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dc.contributor.author Ganguly, Sumit
dc.contributor.author Bajpai, Kanti
dc.date.accessioned 2020-11-10T16:36:56Z
dc.date.available 2020-11-10T16:36:56Z
dc.date.issued 1994-05
dc.identifier.citation “India and the Crisis in Kashmir,” co-author with Kanti Bajpai, Asian Survey, May 1994 (24:5, 401-16) en
dc.identifier.uri https://hdl.handle.net/2022/25944
dc.description.abstract With the end of the Cold War, regional security problems have become paradigmatic. Whereas they were once seen primarily as functions of-or in some cases even epiphenomenal to-superpower rivalry, they are now central. International security is largely regional security in the absence of a global strategic conflict. As a result, attention has shifted from consideration of the global strategic balance to local conflict. Broadly, these local conflicts are a function of two factors: regional distributions of power but also animosities rooted in ethnic, religious, territorial, and irredentist contestation. The problem for policy is that the latter factors are more intractable than the former; distributions of power are more amenable to management than are animosities based on, or evocative of seemingly old quarrels and fears. This article focuses on one of the most costly and dangerous of these animosities, namely, the Indian and Pakistani contest over the divided state of Kashmir. en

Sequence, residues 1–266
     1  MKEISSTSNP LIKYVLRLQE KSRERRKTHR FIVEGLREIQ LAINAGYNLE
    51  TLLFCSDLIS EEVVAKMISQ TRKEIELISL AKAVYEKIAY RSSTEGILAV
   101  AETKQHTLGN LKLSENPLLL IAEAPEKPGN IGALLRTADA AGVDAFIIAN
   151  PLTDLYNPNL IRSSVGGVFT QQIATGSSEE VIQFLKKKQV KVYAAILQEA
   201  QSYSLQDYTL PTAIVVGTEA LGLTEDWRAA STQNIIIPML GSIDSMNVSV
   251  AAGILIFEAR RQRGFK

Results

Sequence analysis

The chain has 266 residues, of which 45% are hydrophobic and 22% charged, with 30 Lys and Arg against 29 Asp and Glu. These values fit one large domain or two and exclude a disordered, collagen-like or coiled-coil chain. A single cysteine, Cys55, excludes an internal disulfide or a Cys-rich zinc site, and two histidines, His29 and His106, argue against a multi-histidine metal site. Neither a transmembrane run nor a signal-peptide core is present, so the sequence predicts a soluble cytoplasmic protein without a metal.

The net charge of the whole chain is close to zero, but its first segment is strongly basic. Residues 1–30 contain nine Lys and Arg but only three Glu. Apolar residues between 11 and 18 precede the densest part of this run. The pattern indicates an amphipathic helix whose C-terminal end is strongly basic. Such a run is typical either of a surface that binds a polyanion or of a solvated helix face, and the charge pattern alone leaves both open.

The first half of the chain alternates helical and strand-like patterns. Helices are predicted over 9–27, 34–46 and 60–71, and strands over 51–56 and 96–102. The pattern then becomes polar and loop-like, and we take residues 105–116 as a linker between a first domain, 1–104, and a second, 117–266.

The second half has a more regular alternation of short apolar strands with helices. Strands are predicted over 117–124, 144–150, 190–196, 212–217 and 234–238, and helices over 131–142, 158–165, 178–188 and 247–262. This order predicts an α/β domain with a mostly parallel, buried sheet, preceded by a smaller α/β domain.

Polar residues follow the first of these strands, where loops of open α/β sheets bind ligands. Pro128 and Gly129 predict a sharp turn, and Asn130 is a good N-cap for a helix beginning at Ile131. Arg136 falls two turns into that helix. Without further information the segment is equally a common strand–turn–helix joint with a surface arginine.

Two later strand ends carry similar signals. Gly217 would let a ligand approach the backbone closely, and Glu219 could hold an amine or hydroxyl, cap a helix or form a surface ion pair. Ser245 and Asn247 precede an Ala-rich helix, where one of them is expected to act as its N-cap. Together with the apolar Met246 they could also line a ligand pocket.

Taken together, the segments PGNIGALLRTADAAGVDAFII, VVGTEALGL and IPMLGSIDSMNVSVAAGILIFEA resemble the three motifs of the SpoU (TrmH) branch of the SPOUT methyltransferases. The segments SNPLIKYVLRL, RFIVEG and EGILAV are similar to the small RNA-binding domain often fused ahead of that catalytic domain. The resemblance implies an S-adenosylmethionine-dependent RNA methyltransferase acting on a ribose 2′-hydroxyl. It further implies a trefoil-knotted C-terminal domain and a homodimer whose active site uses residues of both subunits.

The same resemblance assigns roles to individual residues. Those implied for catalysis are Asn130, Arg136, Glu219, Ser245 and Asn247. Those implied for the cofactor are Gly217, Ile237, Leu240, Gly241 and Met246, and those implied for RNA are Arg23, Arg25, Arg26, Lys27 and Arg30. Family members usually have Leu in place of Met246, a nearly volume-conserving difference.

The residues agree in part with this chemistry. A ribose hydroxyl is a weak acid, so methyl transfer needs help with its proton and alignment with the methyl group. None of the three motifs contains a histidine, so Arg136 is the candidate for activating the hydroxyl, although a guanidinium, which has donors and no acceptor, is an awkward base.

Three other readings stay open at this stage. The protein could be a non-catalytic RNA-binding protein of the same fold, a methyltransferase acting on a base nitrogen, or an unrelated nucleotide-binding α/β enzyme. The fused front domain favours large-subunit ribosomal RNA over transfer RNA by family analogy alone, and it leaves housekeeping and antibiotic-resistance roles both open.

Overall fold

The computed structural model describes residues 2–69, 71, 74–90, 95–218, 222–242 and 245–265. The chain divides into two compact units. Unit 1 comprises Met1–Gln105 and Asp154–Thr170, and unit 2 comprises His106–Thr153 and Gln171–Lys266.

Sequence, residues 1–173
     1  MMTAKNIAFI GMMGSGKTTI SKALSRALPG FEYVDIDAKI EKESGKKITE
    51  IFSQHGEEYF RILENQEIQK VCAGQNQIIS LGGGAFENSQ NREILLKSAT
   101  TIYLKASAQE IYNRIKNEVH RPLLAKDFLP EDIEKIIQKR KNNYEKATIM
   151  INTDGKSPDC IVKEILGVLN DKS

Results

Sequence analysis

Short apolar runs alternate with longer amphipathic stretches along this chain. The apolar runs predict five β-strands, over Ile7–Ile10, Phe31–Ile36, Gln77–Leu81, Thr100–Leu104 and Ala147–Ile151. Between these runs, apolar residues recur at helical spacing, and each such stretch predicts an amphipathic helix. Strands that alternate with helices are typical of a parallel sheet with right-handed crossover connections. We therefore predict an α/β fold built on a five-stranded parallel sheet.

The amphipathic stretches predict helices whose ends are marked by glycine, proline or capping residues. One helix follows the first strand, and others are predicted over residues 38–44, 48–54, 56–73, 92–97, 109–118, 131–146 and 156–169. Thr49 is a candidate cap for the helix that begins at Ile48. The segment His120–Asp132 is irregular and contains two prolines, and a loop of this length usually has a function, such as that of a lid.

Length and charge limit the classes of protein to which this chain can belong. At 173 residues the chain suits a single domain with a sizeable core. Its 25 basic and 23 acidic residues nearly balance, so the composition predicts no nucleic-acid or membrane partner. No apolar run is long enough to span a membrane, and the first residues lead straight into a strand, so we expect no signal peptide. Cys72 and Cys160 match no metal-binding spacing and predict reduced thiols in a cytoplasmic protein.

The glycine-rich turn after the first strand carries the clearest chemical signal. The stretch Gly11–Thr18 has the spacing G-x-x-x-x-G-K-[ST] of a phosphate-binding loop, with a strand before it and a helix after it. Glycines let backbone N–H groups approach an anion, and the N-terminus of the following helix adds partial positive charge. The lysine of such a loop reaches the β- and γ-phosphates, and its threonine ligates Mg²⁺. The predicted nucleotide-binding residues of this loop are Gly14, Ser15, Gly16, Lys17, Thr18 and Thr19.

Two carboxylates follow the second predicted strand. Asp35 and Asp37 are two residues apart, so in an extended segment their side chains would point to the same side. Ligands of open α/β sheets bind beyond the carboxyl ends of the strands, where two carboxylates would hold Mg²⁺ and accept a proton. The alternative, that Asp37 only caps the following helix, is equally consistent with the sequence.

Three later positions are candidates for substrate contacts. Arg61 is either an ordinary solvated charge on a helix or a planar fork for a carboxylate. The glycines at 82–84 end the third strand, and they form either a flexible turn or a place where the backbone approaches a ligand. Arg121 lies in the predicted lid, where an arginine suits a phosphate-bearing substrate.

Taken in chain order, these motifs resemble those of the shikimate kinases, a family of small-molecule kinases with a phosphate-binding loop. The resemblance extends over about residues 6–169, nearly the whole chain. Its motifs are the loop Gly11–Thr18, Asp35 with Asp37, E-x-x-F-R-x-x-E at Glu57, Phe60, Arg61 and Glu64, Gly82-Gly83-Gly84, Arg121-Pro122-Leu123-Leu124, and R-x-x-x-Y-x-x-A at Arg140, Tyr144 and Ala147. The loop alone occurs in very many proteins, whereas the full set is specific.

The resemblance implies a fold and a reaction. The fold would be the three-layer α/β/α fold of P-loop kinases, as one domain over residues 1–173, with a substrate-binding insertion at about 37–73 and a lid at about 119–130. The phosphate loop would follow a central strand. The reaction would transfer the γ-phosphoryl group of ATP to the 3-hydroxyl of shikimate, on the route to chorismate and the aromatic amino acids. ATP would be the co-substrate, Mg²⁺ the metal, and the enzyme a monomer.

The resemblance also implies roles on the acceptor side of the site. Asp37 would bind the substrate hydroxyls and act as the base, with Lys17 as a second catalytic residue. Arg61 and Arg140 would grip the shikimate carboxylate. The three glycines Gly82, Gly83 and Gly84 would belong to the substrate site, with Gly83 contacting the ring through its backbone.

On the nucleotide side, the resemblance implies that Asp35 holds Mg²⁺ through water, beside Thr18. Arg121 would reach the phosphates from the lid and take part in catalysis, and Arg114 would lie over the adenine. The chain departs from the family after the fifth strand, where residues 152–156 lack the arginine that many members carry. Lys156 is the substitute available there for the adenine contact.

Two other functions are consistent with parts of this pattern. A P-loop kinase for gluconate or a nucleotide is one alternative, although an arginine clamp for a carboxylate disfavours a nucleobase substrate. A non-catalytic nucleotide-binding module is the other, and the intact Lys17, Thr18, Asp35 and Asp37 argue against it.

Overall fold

dc.language.iso en en
dc.publisher Asian Survey en
dc.relation.isversionof https://www.jstor.org/stable/2645054 en
dc.title India and the Crisis in Kashmir en
dc.type Article en
dc.identifier.doi 10.2307/2645054


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